The Australian Epilepsy Research Register (AERR) is a database of people who have epilepsy and their carers who have given us permission to communicate with them on an ongoing basis for the purpose of social and psychological research.
The Register is an Australia wide project hosted by the Epilepsy Foundation.
This is not medical or clinical research but will likely involve surveys and group discussions designed to find out more about the social consequences of epilepsy. It is important that we gather as many people as possible from right around the country.
All research carried out is confidential and anonymous. You can register here.
By registering you are only saying that you might be able to spend a few minutes to a couple of hours of your time over the next year or two. There is no obligation to take part in any of the research studies offered to participants.
The Epilepsy Foundation (EF) is undertaking an applied research program designed to investigate the psychological and social consequences of this brain disorder over many years. The study implemented Wave 3 of the research in 2013/14, find out more about Wave 3 and the results of Wave 2.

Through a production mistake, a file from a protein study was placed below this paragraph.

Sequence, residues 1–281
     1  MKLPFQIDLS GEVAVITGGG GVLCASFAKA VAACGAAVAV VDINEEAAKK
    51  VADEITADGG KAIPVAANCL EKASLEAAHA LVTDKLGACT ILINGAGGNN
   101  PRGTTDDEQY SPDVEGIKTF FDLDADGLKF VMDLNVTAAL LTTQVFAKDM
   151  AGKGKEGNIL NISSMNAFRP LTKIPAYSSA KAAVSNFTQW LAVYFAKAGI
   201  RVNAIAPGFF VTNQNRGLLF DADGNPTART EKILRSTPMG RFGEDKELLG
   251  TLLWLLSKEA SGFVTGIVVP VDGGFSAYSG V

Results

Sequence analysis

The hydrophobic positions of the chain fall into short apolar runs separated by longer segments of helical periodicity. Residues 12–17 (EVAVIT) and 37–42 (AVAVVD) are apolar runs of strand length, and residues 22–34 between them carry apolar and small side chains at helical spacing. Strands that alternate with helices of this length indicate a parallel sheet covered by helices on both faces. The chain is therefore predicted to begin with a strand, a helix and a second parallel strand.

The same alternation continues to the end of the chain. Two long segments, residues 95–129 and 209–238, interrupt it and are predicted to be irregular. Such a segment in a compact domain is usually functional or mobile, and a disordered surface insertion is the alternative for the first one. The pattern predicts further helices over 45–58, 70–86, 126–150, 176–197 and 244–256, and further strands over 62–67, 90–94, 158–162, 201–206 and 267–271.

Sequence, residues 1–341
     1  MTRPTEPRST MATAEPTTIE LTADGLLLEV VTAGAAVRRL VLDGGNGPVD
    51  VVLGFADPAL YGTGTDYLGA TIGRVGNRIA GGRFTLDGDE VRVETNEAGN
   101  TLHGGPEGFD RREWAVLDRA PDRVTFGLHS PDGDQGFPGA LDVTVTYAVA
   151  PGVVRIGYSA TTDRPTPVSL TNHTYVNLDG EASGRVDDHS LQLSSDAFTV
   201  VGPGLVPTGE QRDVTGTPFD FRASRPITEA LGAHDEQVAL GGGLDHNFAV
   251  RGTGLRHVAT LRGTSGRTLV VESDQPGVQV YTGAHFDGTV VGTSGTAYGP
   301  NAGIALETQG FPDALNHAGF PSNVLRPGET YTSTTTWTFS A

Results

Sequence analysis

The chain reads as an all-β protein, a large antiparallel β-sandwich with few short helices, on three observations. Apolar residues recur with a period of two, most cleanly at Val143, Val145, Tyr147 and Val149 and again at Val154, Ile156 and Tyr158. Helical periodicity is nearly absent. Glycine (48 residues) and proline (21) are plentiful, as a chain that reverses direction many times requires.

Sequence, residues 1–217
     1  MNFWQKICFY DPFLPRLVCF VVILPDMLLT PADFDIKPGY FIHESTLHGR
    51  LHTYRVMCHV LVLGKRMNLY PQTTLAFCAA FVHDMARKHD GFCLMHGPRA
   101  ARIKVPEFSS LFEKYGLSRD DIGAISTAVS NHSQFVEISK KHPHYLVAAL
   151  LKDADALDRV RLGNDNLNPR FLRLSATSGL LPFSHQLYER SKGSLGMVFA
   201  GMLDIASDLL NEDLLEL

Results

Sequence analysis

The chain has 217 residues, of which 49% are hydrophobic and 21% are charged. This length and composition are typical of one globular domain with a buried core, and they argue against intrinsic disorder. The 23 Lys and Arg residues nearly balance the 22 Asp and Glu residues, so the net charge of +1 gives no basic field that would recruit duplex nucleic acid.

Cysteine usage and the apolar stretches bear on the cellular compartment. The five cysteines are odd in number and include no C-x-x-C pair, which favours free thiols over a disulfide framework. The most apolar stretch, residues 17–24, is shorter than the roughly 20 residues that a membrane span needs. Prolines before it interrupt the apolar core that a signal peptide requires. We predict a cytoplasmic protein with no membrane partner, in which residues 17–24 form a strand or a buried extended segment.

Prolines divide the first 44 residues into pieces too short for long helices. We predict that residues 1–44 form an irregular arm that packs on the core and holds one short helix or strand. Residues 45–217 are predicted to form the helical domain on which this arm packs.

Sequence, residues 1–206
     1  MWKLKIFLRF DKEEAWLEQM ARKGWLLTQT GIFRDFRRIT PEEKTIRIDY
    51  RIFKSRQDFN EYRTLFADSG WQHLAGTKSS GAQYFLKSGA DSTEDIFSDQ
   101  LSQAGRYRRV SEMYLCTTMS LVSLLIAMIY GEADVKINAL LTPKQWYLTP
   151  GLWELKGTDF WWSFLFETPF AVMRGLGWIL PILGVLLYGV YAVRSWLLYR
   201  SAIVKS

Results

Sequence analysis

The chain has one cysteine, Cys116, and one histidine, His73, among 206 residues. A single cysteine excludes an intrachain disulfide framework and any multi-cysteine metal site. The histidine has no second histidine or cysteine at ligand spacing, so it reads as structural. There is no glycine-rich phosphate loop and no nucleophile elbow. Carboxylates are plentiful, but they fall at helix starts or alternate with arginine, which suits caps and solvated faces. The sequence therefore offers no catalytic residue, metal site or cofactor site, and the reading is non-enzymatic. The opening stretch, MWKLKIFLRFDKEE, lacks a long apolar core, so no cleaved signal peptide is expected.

With each Wave of the research, we will build an evidence base of the impace of living with epilepsy. This will provide us with the basis to argue for policy reform and to ensure a better understanding of what it is like to live with epilepsy, at all levels of government and in the community.
The World Health Organisation has stated that the “social consequences of epilepsy are often more difficult to overcome than the seizures themselves”. The results of our research will help us provide better services and assist us in lobbying government for improved outcomes for Australians living with epilepsy.
For further information about the Research Register please ring (03) 8809 0600 or the Epilepsy Helpline on 1300 852 853, for the cost of a local call. Our brochure Australian Epilepsy Research Register has further information about the register and how to join.
Alternatively, you can email the Australian Epilepsy Research Register.